Sharded Byzantine Atomic Commit



I’ve just read up on Ethereum’s sharding documents (and am currently reading all the threads here), and hope to contribute some ideas. Given the recent threads on cross-shard locking schemes, I thought it would be a good time to jump in.

I’d like to introduce Sharded Byzantine Atomic Commit (S-BAC), a correct inter-shard consensus algorithm for atomic commitment. Unlike previously proposed algorithms, S-BAC does not rely on the client being honest to guarantee liveness, and thus no lock time-out period for clients is required to prevent deadlocks. The liveness property depends on shards being honest.

For the full details and security proofs, see page 7 of our Chainspace paper.

Here is an overview of the protocol:

The protocol is agnostic to the actual BFT protocol algorithm used - that is, it doesn’t matter if you use PBFT or a blockchain + proof-of-work/proof-of-stake. For the evaluation of the protocol in the paper, we used PBFT.

There are some optimisations that can be made when using a blockchain + proof-of-work/proof-of-stake, however. For example, if a shard includes a prepared(accept, T) message on the blockchain for a transaction T, but T eventually gets aborted, then that can be considered to be a waste of space on the blockchain. In another post, I will propose a way to safely and permanently prune such messages from the blockchain, even from archival nodes, so that they are not needed to bootstrap a full node.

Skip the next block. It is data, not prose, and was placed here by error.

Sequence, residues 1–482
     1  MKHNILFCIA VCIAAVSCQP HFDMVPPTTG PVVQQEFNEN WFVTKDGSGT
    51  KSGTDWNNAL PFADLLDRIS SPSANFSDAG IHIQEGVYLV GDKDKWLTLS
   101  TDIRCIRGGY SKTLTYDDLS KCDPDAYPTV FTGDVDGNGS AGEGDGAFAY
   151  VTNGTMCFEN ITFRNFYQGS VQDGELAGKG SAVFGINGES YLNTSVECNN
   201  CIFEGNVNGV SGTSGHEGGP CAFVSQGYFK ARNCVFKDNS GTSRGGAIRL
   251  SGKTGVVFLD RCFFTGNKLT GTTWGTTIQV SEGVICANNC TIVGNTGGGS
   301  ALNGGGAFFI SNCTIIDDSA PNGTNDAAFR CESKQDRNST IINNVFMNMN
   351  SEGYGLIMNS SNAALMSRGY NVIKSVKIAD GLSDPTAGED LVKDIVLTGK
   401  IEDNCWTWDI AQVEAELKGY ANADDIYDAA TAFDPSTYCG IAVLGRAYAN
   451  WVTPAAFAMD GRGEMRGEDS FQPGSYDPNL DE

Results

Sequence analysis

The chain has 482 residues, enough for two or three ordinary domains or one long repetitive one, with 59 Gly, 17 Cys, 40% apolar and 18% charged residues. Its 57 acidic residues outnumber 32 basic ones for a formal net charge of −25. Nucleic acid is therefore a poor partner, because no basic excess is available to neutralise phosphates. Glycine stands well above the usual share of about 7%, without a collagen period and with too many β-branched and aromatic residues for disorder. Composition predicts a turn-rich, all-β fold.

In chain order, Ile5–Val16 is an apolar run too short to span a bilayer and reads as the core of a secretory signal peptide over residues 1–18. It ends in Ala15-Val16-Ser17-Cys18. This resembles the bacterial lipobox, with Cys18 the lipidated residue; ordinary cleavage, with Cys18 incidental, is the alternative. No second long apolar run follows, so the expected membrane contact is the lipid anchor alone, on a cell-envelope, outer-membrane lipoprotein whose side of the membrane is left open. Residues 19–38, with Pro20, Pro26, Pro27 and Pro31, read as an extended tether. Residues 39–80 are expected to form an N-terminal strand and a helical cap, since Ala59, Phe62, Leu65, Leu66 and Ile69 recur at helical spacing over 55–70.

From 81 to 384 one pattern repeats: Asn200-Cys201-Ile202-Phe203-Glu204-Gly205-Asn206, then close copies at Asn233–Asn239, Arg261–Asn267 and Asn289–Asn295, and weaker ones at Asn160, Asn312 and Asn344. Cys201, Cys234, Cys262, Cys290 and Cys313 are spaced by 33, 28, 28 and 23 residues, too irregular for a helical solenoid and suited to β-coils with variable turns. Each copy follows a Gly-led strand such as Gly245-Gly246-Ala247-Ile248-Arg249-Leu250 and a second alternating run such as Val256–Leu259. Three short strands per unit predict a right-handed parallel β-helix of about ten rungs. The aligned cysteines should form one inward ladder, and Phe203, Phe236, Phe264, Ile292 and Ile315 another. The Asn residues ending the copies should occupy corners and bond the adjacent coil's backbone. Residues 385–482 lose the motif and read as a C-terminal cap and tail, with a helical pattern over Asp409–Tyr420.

Cross Shard Locking Scheme - (1)
Cross Shard Locking Scheme - (1)

Hey, nice work Musalbas! Can you please say a few words to give the intuition of how your system works? Seems from the diagram that you are using pBFT to agree on cross shard transactions, but for transactions that take place within a single shard I guess the pBFT mechanism is not necessary. How will this system scale if many transactions are cross shard and thereby must be shared with all other shard members?


Mustafa - so judging from the picture this would require n^2 messages where n is the number of shards, since each shard sends messages to each other shard.

Why would not you use one shard as a leader if all shards are good anyway :-)) Then it would be n


See page 7 of the paper. It works similarly to a two-phase commit. We’re not using PBFT in the diagram; any BFT protocol works (e.g. blockchain + proof-of-work). The prototype uses PBFT. For single-shard transactions technically you don’t need the two-phase commit, you can just commit the transaction in one phase.

The more shards each transaction touches, the lower the throughput, as once you have a situation where all transactions touch all shards, that’s effectively equivalent to having a non-sharded blockchain. Here’s a graph:


I think you could as if any shard that a transaction touches is dishonest, then liveness is compromised. However, if the leader shard is dishonest, then that further allows them to potentially frame other shards as being byzantine, by not relaying their messages, to block transactions from progressing.


I think we could combine your work and mine so shards request locks, ensuring liveness, but not all locks need be acquired in a given round.


so,is there a related solution to optimize it?


It’s not really a problem, but a natural property of sharding. If you want to make a transaction that modifies state in multiple shards, all of those shards have to be involved in some way, you physically can’t do better than that.


a good allegory, thank you ~